Bulletins

DiDi wants to drop its NYSE listing. It can't list in Hong Kong yet.

The Chinese ride-hailing giant is one of several companies caught between Chinese and American regulators.

DiDi's logo shown on a rendering of a smartphone

DiDi is the largest ride-hailing company in China.

Pavlo Gonchar/SOPA Images/LightRocket via Getty Images

DiDi shares plunged as much as 42% on Friday after a report said that it was halting plans for a Hong Kong Stock Exchange listing.

The Cyberspace Administration of China has reportedly informed executives of the ride-hailing firm that their proposals to prevent security and data leaks did not meet their requirements, Bloomberg reported. Its main apps, which were removed from local app stores in China last year, will remain suspended pending the CAC review.


Plans for the Hong Kong listing, which was originally slated for the summer, have since been suspended following the CAC review, along with DiDi's work to finalize its fourth-quarter earnings as a listing requirement.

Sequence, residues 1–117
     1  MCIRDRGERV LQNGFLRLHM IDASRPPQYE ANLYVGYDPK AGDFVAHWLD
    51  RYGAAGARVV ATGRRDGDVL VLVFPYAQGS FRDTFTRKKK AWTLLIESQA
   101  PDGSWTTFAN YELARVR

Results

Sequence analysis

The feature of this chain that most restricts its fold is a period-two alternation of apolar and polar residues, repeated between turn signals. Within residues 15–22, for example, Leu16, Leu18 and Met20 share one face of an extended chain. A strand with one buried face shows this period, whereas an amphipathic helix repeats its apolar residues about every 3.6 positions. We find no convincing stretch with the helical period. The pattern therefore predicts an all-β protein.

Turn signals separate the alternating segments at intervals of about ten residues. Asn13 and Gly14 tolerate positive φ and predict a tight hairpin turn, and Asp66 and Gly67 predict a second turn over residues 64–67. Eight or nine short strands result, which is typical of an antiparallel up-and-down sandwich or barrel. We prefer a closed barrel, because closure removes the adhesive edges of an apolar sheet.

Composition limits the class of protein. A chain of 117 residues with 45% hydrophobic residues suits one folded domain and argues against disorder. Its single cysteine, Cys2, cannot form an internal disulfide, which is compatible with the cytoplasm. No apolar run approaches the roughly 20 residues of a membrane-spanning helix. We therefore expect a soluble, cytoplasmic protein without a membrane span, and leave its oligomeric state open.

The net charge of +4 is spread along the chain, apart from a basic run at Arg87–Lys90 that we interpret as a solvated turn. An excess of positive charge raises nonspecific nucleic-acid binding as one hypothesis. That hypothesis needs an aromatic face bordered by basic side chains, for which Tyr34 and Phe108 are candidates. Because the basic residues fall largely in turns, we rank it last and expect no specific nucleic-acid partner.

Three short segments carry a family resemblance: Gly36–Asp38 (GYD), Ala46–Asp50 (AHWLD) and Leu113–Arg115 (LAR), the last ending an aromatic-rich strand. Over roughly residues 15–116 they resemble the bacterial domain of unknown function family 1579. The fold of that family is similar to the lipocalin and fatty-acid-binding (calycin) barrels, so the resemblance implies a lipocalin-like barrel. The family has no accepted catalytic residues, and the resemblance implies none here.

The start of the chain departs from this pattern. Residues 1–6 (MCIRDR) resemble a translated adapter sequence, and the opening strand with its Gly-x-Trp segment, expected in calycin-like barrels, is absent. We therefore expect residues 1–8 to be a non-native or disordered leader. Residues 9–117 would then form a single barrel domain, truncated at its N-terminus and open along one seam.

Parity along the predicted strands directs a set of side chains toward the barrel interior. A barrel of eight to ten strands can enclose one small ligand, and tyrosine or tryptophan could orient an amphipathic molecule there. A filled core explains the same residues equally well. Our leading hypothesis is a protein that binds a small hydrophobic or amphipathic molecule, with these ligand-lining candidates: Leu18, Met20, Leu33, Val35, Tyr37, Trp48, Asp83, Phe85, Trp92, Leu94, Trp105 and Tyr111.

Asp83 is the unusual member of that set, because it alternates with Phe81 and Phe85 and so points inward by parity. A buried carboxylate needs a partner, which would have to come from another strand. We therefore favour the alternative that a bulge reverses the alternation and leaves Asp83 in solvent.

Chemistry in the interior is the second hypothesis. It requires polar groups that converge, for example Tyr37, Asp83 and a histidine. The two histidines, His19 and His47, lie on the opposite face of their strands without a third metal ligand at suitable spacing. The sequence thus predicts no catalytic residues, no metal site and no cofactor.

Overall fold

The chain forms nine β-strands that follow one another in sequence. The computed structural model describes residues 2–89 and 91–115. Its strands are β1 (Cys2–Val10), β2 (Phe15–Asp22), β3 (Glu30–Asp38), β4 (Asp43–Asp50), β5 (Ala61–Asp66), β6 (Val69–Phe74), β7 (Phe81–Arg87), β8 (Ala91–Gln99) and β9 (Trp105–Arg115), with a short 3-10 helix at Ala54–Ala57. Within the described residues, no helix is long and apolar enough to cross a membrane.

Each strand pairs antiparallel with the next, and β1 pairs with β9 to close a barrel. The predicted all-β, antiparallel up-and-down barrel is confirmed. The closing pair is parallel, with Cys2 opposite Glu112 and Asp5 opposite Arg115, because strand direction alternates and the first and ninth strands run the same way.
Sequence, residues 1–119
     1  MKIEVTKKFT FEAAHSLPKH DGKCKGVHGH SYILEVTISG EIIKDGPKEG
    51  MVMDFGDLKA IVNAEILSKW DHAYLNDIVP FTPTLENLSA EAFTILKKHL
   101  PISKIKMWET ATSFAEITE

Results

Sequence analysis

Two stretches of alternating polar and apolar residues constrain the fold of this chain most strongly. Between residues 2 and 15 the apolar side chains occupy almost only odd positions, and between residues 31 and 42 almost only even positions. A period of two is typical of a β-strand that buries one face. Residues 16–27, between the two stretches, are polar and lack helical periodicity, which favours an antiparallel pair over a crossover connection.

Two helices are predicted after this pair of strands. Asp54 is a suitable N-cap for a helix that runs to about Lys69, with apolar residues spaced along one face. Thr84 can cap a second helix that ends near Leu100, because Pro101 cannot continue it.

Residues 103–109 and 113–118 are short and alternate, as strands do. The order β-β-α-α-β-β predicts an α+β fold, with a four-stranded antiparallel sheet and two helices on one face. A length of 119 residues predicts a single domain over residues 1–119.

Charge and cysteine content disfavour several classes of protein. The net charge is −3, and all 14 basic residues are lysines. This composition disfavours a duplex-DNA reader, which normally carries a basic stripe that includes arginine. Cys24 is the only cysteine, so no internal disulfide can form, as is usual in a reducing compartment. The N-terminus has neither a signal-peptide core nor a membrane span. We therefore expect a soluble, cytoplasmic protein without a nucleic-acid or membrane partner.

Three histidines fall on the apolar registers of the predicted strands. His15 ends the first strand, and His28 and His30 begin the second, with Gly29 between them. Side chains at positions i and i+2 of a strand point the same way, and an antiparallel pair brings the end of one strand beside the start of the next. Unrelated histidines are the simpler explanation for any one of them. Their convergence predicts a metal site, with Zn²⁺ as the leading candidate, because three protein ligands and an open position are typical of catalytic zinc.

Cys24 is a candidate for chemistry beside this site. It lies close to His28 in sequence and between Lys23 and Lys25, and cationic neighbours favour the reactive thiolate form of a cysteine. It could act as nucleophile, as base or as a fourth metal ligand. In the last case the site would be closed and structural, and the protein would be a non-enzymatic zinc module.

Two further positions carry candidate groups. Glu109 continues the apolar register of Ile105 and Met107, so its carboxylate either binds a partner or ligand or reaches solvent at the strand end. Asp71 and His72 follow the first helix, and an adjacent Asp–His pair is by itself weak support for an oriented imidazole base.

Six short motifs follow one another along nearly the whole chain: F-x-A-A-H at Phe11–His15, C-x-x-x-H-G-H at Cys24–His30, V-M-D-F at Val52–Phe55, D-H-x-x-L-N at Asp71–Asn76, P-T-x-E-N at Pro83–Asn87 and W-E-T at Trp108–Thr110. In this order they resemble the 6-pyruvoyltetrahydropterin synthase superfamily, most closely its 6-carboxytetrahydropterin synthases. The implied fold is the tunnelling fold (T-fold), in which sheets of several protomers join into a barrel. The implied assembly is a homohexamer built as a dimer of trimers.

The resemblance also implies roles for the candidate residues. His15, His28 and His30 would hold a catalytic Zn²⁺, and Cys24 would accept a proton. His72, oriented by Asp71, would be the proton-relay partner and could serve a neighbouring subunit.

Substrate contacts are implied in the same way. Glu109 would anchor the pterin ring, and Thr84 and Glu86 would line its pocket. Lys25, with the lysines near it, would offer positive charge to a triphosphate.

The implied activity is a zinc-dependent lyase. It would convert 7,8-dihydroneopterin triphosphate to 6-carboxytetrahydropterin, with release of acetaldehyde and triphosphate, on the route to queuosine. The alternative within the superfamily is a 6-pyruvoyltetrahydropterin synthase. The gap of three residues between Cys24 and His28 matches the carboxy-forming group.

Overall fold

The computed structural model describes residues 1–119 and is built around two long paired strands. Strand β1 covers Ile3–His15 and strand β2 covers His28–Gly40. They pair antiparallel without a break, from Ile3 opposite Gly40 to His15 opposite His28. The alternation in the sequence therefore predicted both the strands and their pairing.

DiDi announced plans in December to delist its shares from the New York Stock Exchange this summer, after the move to Hong Kong's exchange, an attempt to reassure Chinese regulators that sensitive data would not be leaked overseas.

“DiDi’s plans to sell shares in Hong Kong and delist in the U.S. reduces risk of a messy, forced delisting by regulators in both China and the U.S. and may signal that Chinese authorities’ crackdown on it has peaked,” Bloomberg Intelligence analysts Matthew Kanterman and Tiffany Tam said in a report.

DiDi debuted with a massive U.S. initial public offering in June last year, at $4.4 billion, which prompted Chinese regulators to target the firm as a potential data leak. The company was placed under a cybersecurity probe and its apps were removed from stores days after the U.S. listing.

The U.S. and China have feuded for nearly two decades over the issue of auditing Chinese companies listed on American stock exchanges. The Holding Foreign Companies Accountable Act of 2020 required U.S.-listed companies based overseas to make their financial audits reviewable by American regulators. This week, the SEC identified five companies as provisionally in violation of the act, though the law would not require them to delist from American stock exchanges until 2024 at the earliest.

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Bulletins